George Porter Jr. & Eddie Roberts talk new Floki Sessions

Post Author: Myles Hunt

The jazz, funk & soul supergroup compilation is available to order via Color Red Music

Funk, soul and jazz are always a fond example of music marriages that work. Such a combination offers a wide range of soundscapes that pave paths leading to wondrous discoveries. Collaborative spirits often intertwine as musicians tackle the genres in question. Record label Color Red Music succeeds regularly with this and has done so again with their newest edition of Floki Sessions, including latest single “Boots in Place”, which brings collaboration to the front row with comfort.

“Boots in Place” is a genuine funk buffet filled with horn appetizers, beat entrees and a vocal dessert. Each member of the collective easily brings their individual flair that matches well as a group. Soul flourishes right alongside the funk with powerful vocals that are hard to ignore. Every twinkle of the keys or toot of the horns offers up new sounds per listen. Fans will be picking out bits upon bits forever. Listeners hear something new with each spin prompting an intense study. The track is a great example of the songs to come, and fans will be set for the summer season in style. 

For music fans, the roster is an impressive supergroup: George Porter, Jr. (The Meters), Eddie Roberts (The New Mastersounds), Robert Walter (Greyboy Allstars & Roger Waters), Nikki Glaspie (The Nth Power), and guests Erica Falls (Galactic), Son Little, Eric “Benny” Bloom (Lettuce), Lamar Williams Jr. (Trouble No More), Tierinii Jackson (Southern Avenue), Nate Miller, and GreenTTea. You can pre-order Floki Sessions HERE. George and Eddie of the group shared that collaborative energy well with their thoughts on the work to date:

This entire production and experience seemed like a dream. Was there a moment that stood out in your mind while creating?  

George: Being in Iceland was a mind-blowing experience in and of itself. What stood out right from the start was how easy it was to create pockets and play together with Nikki as if we were a rhythm section that had played together for years. 

Collaboration seems to be the key of these successful sounds. What is the best collaboration tactic you use when working with other contemporaries? Have there been difficult moments?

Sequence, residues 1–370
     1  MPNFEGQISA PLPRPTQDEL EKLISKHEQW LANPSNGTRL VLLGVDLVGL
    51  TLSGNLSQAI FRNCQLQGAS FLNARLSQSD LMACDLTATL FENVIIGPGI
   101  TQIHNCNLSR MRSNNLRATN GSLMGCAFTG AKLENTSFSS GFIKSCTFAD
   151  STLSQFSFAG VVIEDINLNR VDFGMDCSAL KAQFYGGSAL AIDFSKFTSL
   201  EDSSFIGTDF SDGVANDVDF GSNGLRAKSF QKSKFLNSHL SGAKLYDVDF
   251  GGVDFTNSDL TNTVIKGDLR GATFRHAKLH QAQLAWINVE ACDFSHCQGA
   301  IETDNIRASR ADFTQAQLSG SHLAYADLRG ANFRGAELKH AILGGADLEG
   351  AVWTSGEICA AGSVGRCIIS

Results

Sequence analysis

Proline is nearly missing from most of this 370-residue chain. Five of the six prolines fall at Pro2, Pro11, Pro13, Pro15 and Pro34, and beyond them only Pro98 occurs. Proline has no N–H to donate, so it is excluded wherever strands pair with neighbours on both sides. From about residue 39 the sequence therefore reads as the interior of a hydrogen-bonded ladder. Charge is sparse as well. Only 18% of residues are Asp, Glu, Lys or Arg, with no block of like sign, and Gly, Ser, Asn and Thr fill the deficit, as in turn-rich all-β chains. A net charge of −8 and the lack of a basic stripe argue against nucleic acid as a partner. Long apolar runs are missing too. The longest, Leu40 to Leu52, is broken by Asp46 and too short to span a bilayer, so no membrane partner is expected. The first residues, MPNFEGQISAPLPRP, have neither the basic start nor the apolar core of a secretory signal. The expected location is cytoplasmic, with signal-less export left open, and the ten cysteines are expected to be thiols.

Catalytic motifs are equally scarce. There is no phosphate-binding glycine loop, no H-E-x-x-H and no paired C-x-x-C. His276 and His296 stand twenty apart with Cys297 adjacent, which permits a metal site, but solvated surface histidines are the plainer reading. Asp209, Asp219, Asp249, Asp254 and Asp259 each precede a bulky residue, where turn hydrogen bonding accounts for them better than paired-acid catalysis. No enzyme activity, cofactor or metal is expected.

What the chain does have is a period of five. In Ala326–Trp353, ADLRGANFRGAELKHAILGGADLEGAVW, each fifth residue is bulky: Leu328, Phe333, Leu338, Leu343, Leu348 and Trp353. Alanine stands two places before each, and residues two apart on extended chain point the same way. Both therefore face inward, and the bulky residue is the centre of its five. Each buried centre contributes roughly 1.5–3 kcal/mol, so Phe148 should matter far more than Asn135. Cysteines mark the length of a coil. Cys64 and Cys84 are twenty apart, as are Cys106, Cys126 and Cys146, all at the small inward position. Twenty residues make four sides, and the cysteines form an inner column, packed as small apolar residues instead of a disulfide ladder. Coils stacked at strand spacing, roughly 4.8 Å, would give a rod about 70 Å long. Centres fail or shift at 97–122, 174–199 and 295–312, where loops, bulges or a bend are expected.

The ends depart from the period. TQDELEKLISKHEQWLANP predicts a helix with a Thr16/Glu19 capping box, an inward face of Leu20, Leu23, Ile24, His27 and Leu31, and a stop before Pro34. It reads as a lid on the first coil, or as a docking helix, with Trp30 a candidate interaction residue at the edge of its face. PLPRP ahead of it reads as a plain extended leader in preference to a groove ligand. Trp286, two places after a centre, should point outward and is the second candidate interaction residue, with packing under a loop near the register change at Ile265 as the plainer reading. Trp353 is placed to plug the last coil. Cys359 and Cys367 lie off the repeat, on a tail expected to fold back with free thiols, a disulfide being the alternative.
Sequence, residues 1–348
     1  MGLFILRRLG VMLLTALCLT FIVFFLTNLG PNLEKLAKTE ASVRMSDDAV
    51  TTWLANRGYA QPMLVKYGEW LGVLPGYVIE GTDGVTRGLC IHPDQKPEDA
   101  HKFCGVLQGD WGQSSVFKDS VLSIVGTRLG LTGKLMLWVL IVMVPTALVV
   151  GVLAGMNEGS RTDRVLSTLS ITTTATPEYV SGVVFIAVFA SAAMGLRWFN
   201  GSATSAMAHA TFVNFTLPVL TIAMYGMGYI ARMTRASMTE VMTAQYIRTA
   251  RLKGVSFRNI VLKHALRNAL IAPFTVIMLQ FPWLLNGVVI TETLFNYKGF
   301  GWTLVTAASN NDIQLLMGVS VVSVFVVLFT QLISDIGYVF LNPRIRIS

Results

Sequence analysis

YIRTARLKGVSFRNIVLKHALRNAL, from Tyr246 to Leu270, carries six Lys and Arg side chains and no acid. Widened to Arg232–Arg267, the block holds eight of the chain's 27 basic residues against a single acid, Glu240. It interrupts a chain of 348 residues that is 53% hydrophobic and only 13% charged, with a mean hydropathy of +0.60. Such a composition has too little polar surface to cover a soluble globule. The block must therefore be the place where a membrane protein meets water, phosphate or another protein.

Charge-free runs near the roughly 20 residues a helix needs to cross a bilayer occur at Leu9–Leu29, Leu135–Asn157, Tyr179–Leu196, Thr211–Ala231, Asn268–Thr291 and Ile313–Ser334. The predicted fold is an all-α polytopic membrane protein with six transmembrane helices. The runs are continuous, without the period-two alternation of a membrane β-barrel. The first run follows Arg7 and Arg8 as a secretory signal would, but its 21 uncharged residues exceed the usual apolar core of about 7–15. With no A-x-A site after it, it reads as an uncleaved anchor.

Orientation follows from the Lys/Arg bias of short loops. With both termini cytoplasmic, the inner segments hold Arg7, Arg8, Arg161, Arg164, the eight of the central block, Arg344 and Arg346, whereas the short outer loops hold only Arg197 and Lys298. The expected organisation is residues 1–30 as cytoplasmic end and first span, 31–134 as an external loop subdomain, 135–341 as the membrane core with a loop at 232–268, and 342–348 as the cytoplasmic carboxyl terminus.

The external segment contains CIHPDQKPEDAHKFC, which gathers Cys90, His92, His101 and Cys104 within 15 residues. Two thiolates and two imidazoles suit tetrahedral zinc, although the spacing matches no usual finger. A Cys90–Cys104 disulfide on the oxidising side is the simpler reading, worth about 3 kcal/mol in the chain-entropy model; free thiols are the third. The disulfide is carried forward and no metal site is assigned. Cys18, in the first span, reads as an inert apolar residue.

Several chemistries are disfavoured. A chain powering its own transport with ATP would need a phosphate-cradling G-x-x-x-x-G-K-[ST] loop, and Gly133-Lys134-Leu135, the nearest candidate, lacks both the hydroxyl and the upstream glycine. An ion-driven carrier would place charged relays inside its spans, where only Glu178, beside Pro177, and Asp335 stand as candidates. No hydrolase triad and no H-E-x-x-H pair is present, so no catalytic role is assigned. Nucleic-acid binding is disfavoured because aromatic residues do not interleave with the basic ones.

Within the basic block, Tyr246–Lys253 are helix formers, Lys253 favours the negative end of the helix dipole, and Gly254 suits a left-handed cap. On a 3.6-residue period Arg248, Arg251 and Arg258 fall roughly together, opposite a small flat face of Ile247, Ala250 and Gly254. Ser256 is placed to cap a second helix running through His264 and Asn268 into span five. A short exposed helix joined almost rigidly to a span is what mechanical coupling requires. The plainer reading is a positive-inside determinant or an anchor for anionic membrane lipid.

George: Collaborating with other players that are not members of a band you regularly play with can sometimes be hard as you may not share the same approach to creating music. It could have been particularly challenging as this was a band of all band leaders who are used to being followed. This group was different as everyone was open to hearing each other and played great together. Any small difficult moments were worked out so quickly and cooperatively. I can say there were none. 

Who would be a musician that you would like to work with next? What do you envision that sound to be?

George: I would actually like to make a jazz record with John Scofield someday. As far as what that would sound like I don’t have a clue right now, I just think it would be great to work with John on a jazz project as we already made a gospel record. 

What are you looking forward to when not jamming this coming season and why?

George: I am looking forward to finishing the three records that I have started with my own bands, both the Porter Jr Trio and the Runnin’ Pardners and spending more time relaxing and enjoying time with my little great granddaughter. 

Eddie, you are on a constant roll with Color Red magic it seems, what are you most excited about for this summer and why?

Eddie: The Floki album is a definite highlight of my last year of production and music making, and I’m really excited to have the full album out in the world. I also just launched a new band during NoLa JazzFest, Eddie Roberts & the Lucky Strokes. We cut an album in January this year, and it’s a slight departure from my instrumented funk norm. Featuring Shelby Kemp on vocals from Mississippi, and the Galbraith Sisters on drums and bass from St Pete’s, FL, it’s definitely got some strong Southern roots – kind of funky southern rock! 

What is a challenge you wish to tackle next for your work overall and why?

Eddie: It’s quite the balancing act running a label, managing bands, producing music and touring live. After the forced hiatus, that ended up being a welcome break from touring for me, I’m easing myself back into more touring and feeling good about it.

What are you looking forward to when not jamming this coming season and why?

Eddie: I’ve got a few sailing trips in the books! I’m also starting a sommelier course, after just launching my first curated wine list at a local Denver Bar! I’ll also be out in Europe with New Mastersounds; throwing an intimate little fest, Bajaja Music Festival later in the year; and touring the US with The Lucky Strokes.

How do you keep your craft fresh and evolving? Is it the collaboration or are there other influences that aid in the development?

Eddie: Keeping an open mind, not getting stuck in one way of thinking, and yes collaborating with others, and not just musicians… letting life influence the craft.